As L.A. County embarks on a massive effort to house tens of thousands of homeless people over the next few years, officials are hoping to utilize real-time data to speed the process along.
For years, the L.A. Homeless Services Authority and the United Way of Greater L.A. have been working to create an information management system to link homeless individuals and families to appropriate services. Now, they're planning to use data captured in that system to troubleshoot and problem solve as new programs roll out.
A $428,000 investment from the United Way will put data coordinators into each region of Los Angeles, a program the county will eventually start paying for with dollars from Measure H, a sales tax hike that kicks in October 1.
'What we've learned is that each community has a specific issue to that community, but one that could probably be addressed by digging into the data," said Michael Nailat, program officer with the United Way of Greater L.A.
For instance, the San Fernando Valley saw a big jump in homelessness in 2016, which community officials initially thought might be attributable to homeless migrating into the area from other places.
"But if we dig deeper into the data, we see that it's people who've lived in these communities all along and are experiencing higher levels of poverty," he said. "It's a way to make sure the conversation is the right conversation."
In another case, L.A.'s housing authority wanted to figure out why it was able to get some homeless veterans hooked up with rental vouchers quickly, while other applications languished for weeks. Nailat said they were able to dig into their data and eliminate inconsistencies and bureaucratic stumbles to speed the process up.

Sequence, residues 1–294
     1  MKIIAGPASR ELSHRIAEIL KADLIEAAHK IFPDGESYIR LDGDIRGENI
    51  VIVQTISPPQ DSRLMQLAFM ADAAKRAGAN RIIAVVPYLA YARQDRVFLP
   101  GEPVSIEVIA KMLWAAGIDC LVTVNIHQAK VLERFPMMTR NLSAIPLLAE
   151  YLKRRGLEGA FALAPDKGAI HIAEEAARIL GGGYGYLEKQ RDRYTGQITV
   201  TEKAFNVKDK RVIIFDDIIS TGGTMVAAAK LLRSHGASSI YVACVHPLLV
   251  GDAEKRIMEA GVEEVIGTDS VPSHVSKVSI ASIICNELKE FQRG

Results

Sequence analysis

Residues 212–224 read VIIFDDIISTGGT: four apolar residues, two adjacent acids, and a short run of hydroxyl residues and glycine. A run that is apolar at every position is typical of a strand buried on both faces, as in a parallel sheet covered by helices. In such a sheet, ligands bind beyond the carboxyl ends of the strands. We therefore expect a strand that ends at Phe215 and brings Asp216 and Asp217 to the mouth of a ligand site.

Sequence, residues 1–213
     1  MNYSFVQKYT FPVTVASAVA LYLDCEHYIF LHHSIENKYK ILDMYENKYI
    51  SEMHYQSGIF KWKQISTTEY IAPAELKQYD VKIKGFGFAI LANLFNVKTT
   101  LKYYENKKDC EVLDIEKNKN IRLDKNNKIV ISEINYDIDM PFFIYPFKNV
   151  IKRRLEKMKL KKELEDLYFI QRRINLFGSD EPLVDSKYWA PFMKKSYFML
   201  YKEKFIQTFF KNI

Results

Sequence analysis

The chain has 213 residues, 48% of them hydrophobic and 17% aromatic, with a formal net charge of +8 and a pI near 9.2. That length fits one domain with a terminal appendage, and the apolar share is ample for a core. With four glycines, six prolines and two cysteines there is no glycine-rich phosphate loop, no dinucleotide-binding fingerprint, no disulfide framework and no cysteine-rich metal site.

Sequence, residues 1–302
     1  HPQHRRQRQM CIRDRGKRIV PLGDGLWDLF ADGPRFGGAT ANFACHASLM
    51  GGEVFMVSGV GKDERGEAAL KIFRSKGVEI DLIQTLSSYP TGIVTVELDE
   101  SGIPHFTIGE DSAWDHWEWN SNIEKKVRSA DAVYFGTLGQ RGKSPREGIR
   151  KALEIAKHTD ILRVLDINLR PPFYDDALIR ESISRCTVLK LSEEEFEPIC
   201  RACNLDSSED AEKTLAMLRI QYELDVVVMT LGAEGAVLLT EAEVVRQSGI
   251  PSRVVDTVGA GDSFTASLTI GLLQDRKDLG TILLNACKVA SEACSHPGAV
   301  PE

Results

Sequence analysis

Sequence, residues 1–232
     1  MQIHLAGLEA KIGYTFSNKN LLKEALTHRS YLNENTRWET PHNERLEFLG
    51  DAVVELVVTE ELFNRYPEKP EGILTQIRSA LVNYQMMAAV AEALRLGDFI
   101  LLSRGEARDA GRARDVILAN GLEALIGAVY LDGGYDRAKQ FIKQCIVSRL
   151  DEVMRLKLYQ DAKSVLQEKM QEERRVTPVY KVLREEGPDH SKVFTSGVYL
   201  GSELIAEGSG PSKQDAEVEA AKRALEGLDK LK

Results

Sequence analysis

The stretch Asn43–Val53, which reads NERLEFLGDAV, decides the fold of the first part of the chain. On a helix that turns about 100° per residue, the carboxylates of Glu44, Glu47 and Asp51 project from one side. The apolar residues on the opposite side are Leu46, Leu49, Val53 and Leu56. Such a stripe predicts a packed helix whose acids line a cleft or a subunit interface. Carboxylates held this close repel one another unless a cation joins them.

Josh Decell, associate director of data integration at LAHSA, said the way outreach is done to homeless individuals is changing as the data system rolls out.
"If a citizen calls 211 and says there's someone who seems like they've got some serious mental issues and they need help, then we can deploy a Department of Mental Health outreach team to go connect with that person," Decell said.
Then, any other service provider who encounters that individual will be able to see what other teams have contacted them and how effective the contact was and whether a different approach is needed.
Now, officials are looking to expand that sort of nimble data analytics to the entire homeless services system. The new initiative is aimed at providing those working on homelessness with the tools and resources to ask and answer those kinds of questions themselves. It kicked off with a two-day training for providers last week.
John Horn of L.A. Family Housing, who attended the training, said his organization wants to be able to compare and contrast what it's doing through its various programs with other providers in the region.
"It really goes to identifying the best practices," he said. "Right now there should be no ego involved in the work that we're doing."
The pressure, he said, is on to be nimble, utilize resources well, and make a big impact with the new public dollars flowing in under Measure H.
"Public scrutiny is at an all time high," he said. "We gave you the money, why am I not seeing the person who's been homeless on my corner for the last year gone. We have to be able to let them know, the resources are there, this is what we're doing, and then start showing those successes."